Trump may be manipulating the markets to his and family/friends advantage. He knows how to make investors nervous one day, reassure them the next. Plus there was this from an interview in 2004:

"The real estate markets crashed. Now, I don't want to blame the real estate markets, because I always made a lot of money in bad markets. I love bad markets. You can you do very well in a bad market."
https://www.cnn.com/2016/05/26/politics/donald-trump-bad-markets-2004/index.html

Mark H. Tekamp said...

Wow. I find myself in the unusual (unique?) position of disagreeing with Scott whom I have the utmost respect for. I'm struck by how universal the "amen chorus" is for the merits of free trade with its rivaling love as a dispenser of universal benefits while lacking almost in the entirety any offsetting costs. China is a unique situation. There is a very good reason why democracies and capitalism tend to accompany one another. Respect for the rule of law and property rights to be more specific. China respects neither and is thus a rogue element seeking to benefit from a system which it is abusing gratuitously believing that the greed of the capitalists will result in their continuing to turn a blind eye to its behavior. Agreements which aren't honored by both parties are something else and if sanctions aren't imposed on the violating party then all we have is the law of the jungle. Trump didn't create this. When he resolves it then don't forget what side of the issue you started out on.

Scott Grannis said...

Mark: you correctly observe that one genuine problem with our China trade is China's lack of respect for property rights. But that does not justify imposing tariffs on Chinese imports. Tariffs are not just "sanctions" on China, they are also higher taxes on American consumers. We are punishing our own people by imposing tariffs on Chinese goods. These same tariffs may hurt Chinese producers as well. But does it make sense to go into a fight only after tying one hand behind our back?

Mark H. Tekamp said...

Scott;
The most recent era of globalization began with the collapse of the then USSR in 1991. From 1995 to 2005 global trade grew at a rate 50% faster than global gdp. This also resulted in increasing global imbalances between deficits and surpluses with the USA "owning" the great majority of global deficits. One can argue the deficits create the offsetting surpluses or its the surpluses that create the deficits but by definition the two must equal. The resulting imbalances led to increasing fragility in the global financial system leading to the Global Financial Crisis. I share this knowing this is all familiar to you to make the case that globalization doesn't come without costs or consequences. I would posit that China and Germany are two countries pursuing mercantilistic economic policies. Of course the offset of a trade deficit is a capital surplus with the US and its deep capital markets being the destinations of choice. Trump is recognizing that the price the US and its workers are being forced (not asked) to pay significantly outweights the benefits to US consumers. The Trump administration also views (I would argue realistically) China as posing the single greatest geopolitical risk to this country. This is a choice China made,not the US. To conclude, I think the administration has made the determination that if fight we must we're better off fighting over the Sudentenland rather than waiting for Poland. The US is also extraordinarily fortunate in terms of timing. China is in desperate need of rebalancing its economy from an investment driven to a consumer demand driven model. China's 375.2 billion dollar trade surplus with the US is a source of demand it can scarcely do without. I have a strong suspicion this will play out very well for this country.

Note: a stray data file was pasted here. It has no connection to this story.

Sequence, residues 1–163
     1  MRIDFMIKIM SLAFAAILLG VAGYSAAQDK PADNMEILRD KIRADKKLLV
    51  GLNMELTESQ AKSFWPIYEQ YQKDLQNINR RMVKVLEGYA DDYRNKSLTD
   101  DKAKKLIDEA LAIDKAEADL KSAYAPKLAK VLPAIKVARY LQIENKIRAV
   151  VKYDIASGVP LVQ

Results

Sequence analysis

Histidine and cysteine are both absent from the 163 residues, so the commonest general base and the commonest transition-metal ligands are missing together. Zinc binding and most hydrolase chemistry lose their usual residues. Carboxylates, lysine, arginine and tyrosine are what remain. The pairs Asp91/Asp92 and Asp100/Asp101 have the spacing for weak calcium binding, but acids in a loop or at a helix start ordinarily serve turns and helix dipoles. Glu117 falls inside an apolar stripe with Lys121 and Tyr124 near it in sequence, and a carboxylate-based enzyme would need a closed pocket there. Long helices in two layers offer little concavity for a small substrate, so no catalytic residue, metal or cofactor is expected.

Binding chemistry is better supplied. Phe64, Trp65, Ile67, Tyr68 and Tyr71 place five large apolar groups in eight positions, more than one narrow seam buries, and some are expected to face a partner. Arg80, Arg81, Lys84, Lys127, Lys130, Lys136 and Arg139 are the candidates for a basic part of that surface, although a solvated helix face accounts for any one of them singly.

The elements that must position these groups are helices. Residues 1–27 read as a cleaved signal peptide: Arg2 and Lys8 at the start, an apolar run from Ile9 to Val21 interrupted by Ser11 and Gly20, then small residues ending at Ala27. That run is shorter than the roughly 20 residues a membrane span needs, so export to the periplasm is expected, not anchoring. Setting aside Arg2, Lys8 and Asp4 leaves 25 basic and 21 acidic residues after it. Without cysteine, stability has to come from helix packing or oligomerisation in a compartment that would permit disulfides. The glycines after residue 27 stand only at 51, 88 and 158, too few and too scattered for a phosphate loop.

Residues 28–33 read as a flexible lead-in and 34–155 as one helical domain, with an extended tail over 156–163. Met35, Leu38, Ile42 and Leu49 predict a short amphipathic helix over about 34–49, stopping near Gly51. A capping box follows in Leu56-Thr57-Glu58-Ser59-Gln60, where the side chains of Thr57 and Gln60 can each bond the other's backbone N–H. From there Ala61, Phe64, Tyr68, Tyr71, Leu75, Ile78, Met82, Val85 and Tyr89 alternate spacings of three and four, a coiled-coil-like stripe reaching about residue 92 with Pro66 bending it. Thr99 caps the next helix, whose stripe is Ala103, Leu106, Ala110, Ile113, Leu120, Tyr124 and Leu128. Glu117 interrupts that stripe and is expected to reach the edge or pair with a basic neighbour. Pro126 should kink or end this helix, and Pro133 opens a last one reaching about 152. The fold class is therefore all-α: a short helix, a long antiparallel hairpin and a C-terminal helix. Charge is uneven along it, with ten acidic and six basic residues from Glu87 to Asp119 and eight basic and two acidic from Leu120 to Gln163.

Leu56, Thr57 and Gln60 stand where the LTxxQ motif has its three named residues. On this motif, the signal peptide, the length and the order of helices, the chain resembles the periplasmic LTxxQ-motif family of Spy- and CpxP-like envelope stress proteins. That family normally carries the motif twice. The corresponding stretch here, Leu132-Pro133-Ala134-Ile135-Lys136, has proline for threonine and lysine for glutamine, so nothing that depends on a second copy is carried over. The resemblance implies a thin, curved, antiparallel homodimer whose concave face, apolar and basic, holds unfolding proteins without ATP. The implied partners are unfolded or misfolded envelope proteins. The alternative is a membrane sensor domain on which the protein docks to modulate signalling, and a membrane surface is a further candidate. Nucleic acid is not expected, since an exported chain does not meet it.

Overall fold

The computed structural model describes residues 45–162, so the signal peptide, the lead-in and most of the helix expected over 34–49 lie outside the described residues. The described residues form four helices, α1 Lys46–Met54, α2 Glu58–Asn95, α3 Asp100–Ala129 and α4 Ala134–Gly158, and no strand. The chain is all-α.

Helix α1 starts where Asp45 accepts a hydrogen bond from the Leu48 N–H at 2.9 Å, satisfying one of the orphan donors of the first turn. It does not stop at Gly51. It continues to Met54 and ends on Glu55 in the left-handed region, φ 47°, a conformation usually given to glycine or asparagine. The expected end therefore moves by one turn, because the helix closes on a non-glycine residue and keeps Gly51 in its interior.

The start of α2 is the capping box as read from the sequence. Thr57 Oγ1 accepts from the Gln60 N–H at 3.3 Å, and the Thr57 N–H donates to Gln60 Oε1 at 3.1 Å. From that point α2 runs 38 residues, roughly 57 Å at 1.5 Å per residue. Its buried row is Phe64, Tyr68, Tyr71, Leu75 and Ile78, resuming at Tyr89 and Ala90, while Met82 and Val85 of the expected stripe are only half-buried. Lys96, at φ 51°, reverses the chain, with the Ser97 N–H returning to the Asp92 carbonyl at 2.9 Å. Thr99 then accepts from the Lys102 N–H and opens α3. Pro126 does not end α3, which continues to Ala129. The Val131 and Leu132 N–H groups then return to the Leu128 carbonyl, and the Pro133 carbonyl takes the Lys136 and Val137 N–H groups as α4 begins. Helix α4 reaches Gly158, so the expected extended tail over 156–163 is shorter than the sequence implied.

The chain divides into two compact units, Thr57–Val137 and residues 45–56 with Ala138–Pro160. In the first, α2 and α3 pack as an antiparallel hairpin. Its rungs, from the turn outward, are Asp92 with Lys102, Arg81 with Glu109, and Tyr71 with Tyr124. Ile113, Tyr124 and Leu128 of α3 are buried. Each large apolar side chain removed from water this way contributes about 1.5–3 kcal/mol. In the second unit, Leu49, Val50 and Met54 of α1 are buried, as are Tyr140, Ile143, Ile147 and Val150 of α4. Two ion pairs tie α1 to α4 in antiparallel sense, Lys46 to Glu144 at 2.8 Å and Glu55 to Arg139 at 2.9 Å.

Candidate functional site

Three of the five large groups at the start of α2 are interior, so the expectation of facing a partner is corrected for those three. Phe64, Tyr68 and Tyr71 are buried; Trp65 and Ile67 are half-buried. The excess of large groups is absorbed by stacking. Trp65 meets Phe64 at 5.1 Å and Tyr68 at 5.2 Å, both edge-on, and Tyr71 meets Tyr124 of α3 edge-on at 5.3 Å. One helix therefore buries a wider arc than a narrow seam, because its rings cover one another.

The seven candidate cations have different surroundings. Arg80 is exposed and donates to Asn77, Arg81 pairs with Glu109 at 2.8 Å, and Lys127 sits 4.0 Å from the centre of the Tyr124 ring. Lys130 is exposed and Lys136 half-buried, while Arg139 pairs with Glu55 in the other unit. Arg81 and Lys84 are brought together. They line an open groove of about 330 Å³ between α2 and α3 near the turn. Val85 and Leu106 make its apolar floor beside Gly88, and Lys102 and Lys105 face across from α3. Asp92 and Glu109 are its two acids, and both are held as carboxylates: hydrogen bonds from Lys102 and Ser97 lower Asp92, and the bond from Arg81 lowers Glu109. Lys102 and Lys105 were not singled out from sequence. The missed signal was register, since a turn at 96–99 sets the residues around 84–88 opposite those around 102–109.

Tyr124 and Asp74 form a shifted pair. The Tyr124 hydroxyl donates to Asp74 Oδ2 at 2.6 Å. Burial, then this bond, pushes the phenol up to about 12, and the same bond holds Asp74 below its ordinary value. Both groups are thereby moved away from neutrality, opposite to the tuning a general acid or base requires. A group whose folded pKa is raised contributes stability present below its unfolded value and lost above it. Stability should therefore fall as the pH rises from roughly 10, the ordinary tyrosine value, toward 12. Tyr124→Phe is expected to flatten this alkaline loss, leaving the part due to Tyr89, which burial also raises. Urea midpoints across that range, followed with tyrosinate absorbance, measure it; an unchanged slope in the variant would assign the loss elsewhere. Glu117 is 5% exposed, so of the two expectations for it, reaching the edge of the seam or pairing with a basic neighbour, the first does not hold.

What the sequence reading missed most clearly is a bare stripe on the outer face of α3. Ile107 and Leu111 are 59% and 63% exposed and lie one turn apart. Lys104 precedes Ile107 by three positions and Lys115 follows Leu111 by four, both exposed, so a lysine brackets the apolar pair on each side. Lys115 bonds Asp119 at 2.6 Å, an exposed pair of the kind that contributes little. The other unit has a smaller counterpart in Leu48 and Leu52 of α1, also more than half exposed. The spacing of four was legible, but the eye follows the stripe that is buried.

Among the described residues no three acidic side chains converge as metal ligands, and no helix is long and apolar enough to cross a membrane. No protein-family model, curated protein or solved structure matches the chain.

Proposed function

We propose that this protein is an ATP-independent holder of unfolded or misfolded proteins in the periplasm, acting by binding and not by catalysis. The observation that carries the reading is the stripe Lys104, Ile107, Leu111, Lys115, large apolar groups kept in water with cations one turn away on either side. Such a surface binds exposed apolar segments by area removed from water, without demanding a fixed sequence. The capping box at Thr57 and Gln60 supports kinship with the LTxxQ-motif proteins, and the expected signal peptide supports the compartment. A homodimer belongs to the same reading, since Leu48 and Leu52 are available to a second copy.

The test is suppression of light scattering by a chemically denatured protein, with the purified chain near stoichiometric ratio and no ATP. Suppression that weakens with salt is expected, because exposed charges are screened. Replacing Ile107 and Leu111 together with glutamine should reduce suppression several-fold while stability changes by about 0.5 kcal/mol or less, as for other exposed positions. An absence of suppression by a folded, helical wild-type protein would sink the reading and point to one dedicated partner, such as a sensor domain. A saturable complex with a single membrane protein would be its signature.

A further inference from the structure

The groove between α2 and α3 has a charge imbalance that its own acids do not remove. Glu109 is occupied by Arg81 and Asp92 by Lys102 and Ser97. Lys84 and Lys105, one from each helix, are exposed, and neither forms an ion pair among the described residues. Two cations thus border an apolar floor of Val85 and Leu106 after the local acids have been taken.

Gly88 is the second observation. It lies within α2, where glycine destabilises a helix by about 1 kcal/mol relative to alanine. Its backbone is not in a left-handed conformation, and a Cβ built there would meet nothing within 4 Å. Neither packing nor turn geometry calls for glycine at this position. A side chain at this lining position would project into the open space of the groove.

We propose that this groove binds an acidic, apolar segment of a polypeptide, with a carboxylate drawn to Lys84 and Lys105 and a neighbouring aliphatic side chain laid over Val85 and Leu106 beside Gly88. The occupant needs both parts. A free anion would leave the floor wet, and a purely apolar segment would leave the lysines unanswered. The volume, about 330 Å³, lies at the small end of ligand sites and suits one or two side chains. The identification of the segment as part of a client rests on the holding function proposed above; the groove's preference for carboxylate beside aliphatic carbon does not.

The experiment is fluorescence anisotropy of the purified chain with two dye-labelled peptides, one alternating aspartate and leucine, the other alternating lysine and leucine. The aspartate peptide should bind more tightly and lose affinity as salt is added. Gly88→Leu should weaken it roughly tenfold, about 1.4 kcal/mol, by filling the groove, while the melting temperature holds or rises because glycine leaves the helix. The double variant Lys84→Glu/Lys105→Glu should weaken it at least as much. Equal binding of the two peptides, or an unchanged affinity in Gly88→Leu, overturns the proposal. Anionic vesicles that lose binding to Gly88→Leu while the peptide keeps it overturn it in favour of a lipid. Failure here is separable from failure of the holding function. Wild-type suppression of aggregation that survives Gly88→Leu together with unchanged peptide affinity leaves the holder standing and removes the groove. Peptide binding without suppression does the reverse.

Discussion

Benjamin Cole said...

IT but interesting...

China tariff fears ease
Sinéad Carew
4 MIN READ

"NEW YORK (Reuters) - Wall Street’s three major indexes staged a comeback to close around 1 percent higher on Wednesday as investors turned their focus to earnings and away from a trade conflict between the United States and China that wreaked havoc in earlier trading."

Wall Street rally right after China announced additional tariffs on US exports.

Even if there is a trade war, I expect lots of domestic substitution and very little impact on overall GDP. Believe me, corporate profits are doing fine, better than ever. That is the fundamental that will hold up Wall Street.

Cameron Khajavi said...

It’s really a shame how trump is behaving - we’ve struggled for so long with subpar economic growth and just as we are about to hit escape velocity he is seemingly becoming more unstable by the minute - it’s hard not to be optimistic focusing on the economic data and it’s hard not being pessimistic seeing his petulant behavior that is becoming increasingly erratic

Benjamin Cole said...

From Zacks----a great quarter ahead:

"Total Q1 earnings for the S&P 500 index are expected to be up +16% from the same period last year on +7.4% higher revenues, the highest quarterly earnings growth pace in 7 years.

• Earnings growth is expected to be in double-digit territory from the year-earlier level for 11 of the 16 Zacks sectors, including the Technology and Finance sectors. Only two sectors (Autos & Conglomerates) are expected to show earnings declines in Q1.

• Energy sector earnings are expected to be up +60.2% from the same period last year on +15.6% higher revenues. Excluding the Energy sector, total S&P 500 earnings growth drops from +16% to +14.6%. "